The Help – Book Review

Posted on September 11, 2012

By Neha Saxena:

“Wasn’t that the point of the book? For women to realize, we are just two people. Not that much separates us. Not nearly as much as I thought” — Skeeter in The Help.

The Help, a debut novel by Kathryn Stockett, explores the relationship between black maids and their high class white employers in Mississippi in the 1960’s. The story is narrated by 3 characters of the book — Two Black maids and One White girl. While Aibileen and Minny talk about what it is like working for White women and taking care of their kids, Skeeter talks about her journey of fulfilling her dream as a writer and her struggle with being an odd bird in the society. Hilly Holbrook, the dominating lady who is the leader of the pack, runs the Junior League and is keen on launching the new Sanitization scheme that will enforce the rule of creating separate toilets for the Black maids outside White houses.

While they do charity work for upliftment of Blacks in Africa, they treat their own coloured maids and workers poorly. The maids raise the White kids like their own, take care of their homes and dedicate their whole lives to these families only to get fired or killed for something as meagre as reading the Missus’s book. Skeeter, who is trying to find answers to why her beloved Constantine (the maid who raised her) disappeared without informing her, has difficulty in hiding her displeasure at Hilly’s attitude. She decides to write about the unfair stories of maids which is a brave yet risky thing to do in the era and town where Blacks get killed or rendered homeless at the drop of a hat.

The motherly Aibileen, the unabashed & witty Minny and brave Skeeter come together to work secretly on this project, all the while fearful of what might happen if their secret is discovered. None of the other maids agree to work with them because there is just too much danger involved; They would lose their families, jobs, house — everything. The Whites are too powerful. The murder of Medgar Evers encourages a dozen other women to come forward and speak up because they do not have much left to lose anyway. Their stories are full of bitterness and hatred but also of love and attachment.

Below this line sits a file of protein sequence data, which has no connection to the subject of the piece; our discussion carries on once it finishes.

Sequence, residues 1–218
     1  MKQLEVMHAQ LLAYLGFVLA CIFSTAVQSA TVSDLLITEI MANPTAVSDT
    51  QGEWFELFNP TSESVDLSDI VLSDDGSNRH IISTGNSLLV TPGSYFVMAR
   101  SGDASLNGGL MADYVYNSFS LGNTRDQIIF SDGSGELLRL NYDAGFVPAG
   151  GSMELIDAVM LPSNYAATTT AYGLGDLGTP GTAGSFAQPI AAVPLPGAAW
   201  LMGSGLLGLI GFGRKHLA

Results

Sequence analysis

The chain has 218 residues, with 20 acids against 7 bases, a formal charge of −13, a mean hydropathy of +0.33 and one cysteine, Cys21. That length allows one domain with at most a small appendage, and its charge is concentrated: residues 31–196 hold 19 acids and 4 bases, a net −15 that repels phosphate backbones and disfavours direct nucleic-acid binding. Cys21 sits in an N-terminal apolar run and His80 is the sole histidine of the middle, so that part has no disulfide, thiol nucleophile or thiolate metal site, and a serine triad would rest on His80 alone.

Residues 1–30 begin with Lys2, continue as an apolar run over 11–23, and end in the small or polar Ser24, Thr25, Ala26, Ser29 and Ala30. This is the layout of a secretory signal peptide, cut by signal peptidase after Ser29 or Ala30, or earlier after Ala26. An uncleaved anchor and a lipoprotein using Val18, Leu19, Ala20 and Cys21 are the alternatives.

Though the lengthy narrations by the characters are not boring there is often a tinge of self degradation & dejection on part of the maids. While reading the story of these brave ladies, one wants to join them in their fight for justice; in their quest of getting their voice heard. You feel upset when Yule May is fired with the false accusation of theft & taken away brutally by policemen. You feel angry when Hilly humiliates Aibi repeatedly in front of the whole League. You feel jubilant when Celia Foote asks Minny to have lunch with her every day. You want to squeal with delight when Hilly reads about ‘The Awful Thing’ in the book. And you feel furious when Skeeter’s fiancé breaks off with her on knowing about the book.

Pieces picked up from own experiences with Black maids, Kathryn Stockett does a good job in creating a book which is an intense depiction of womanhood and its powers. This book is not just about racism. It is also about being courageous, fighting for justice, experiencing surreal relationships and exposing hypocrisy.